The pandemic highlighted the homeless crisis. Will California’s search for solutions continue after COVID-19 fades from the headlines?
Californians passed the Mental Health Services Act to transform and expand the reach of the state’s mental health services. A problem, some mental health advocates say, is that the state doesn’t give much guidance on how a county should spend its dollars.
“Uncovered California” is a three-part series of stories and videos examining how the Golden State is trying to fill holes in its health care coverage.
California’s relationship with redevelopment just got more complicated, now that state Senate President Pro Tem Darrell Steinberg (D-Sacramento) has temporarily withdrawn SB 1.
Steinberg had fought hard for his personally authored bill, which would have replaced California’s old system of community redevelopment agencies (CRAs), which were dissolved in 2011, with Sustainable Community Investment Authorities. Yet as the legislature’s fall session began, he calculated there was a strong possibility of Governor Jerry Brown vetoing the measure. (Last year Brown vetoed SB 1156, an earlier incarnation of Steinberg’s legislation.)
Steinberg withdrew the bill September 12, just as SB 1 was headed back to the Assembly for further discussion.
SB 1’s tactical withdrawal puts on hold the hopes of cities to build healthy, sustainable economies. Despite occasional planning mistakes made by some CRAs in the past, there is still an urgent need for rational urban planning that benefits all communities,
In 2008, Governor Arnold Schwarzenegger signed SB 375, the first piece of legislation in any state that tied transportation choices to greenhouse gas emissions and global warming. The legislation, authored by Senator Darrell Steinberg, required that planning regions create transportation plans that would reduce Greenhouse Gas emissions to 1990 levels by 2020.
As more and more regions adopt these plans, an obvious flaw is emerging. Plans are only as good as the money that exists to implement them. With funding scarce, many of these plans will likely gather dust.
Steinberg went back to work. His first piece of legislation to address this shortfall was vetoed by Governor Brown last year. Brown felt that the timing wasn’t right for legislation that gave municipalities the power to create agencies similar to the Community Redevelopment Agencies he had just ordered dismantled. That didn’t stop Steinberg from reintroducing similar legislation,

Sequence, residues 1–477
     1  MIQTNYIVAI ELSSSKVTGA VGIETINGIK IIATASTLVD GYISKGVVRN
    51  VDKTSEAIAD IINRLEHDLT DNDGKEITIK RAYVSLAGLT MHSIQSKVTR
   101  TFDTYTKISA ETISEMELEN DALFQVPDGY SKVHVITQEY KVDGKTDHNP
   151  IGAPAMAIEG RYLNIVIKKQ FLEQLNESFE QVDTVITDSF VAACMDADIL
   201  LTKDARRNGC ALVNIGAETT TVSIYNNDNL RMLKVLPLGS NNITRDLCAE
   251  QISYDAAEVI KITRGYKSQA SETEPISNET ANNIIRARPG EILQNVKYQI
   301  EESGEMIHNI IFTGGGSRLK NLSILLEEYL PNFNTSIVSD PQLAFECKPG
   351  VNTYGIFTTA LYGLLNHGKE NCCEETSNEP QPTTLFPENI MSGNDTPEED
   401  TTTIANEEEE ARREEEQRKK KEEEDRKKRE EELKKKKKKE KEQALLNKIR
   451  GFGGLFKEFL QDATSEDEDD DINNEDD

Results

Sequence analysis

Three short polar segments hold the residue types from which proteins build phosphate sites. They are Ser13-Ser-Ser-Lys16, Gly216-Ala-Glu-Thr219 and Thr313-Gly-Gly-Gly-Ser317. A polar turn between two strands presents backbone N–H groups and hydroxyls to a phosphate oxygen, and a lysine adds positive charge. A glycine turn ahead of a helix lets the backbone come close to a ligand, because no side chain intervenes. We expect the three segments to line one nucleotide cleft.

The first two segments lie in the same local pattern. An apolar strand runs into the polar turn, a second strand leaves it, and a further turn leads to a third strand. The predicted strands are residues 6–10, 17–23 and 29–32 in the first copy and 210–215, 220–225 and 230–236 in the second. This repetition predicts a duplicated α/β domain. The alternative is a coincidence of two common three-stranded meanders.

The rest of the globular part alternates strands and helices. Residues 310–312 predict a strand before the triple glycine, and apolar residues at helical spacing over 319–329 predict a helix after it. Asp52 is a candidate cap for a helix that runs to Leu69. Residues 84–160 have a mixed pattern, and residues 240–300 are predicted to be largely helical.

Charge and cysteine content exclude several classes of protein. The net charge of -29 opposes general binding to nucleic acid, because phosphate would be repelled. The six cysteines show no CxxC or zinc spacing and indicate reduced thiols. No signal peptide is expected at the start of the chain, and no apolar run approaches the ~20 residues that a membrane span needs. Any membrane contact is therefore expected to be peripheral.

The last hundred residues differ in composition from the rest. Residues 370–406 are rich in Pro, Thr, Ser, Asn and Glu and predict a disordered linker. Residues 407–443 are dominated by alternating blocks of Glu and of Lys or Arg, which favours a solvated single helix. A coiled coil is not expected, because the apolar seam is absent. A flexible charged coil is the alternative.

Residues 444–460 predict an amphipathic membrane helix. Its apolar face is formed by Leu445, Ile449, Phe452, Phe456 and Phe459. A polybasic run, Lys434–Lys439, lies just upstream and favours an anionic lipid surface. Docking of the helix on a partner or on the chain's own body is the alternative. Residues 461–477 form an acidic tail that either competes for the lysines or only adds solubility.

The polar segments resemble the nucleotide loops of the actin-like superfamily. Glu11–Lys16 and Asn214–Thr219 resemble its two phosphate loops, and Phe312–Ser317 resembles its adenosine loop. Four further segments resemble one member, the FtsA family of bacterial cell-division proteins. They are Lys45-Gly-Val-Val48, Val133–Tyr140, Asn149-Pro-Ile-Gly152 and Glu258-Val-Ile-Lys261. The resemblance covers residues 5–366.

On September 30, Governor Jerry Brown vetoed six different economic development bills designed to get California’s economy going again, including the groundbreaking Senate Bill 1156, known as the Sustainable Communities Bill, which has been written about before in Frying Pan News. Despite the fact that the sustainable communities program would have reinvented the old redevelopment in a completely new image and restarted sustainable community project areas from scratch, the governor argued that he wanted to see the old redevelopment completely dissolved before starting anything new.
Undaunted, state Senator Darrell Steinberg – the author of SB 1156 – has vowed to reintroduce the bill at the very beginning of the next session (January, 2013) and get it passed through the legislature and signed by the governor early in the year. In fact, according to a letter sent to coalition activists, Sen. Steinberg has already reserved the first bill number available to members of the state Senate,
NRDC [Natural Resources Defense Fund] and Move LA released a report today touting the expansive benefits of sustainability planning in three of California’s largest cities—representing nearly two-thirds of the state’s population. The report explores how Los Angeles, Sacramento and San Diego are already building the cities of the future thanks to the Sustainable Communities and Climate Protection Act, or SB 375, authored by Senator Darrell Steinberg in 2008.
Four years ago, SB 375 was nothing less than a revolution in the way California plans for growth. It linked regional transportation planning to reducing greenhouse gas emissions, encouraging a wide range of travel options and giving Californians the kinds of communities they want.
Our analysis found that enacting SB 375 into law was an achievement that distinguished California as a national leader in creating communities that meet both our economic and environmental challenges.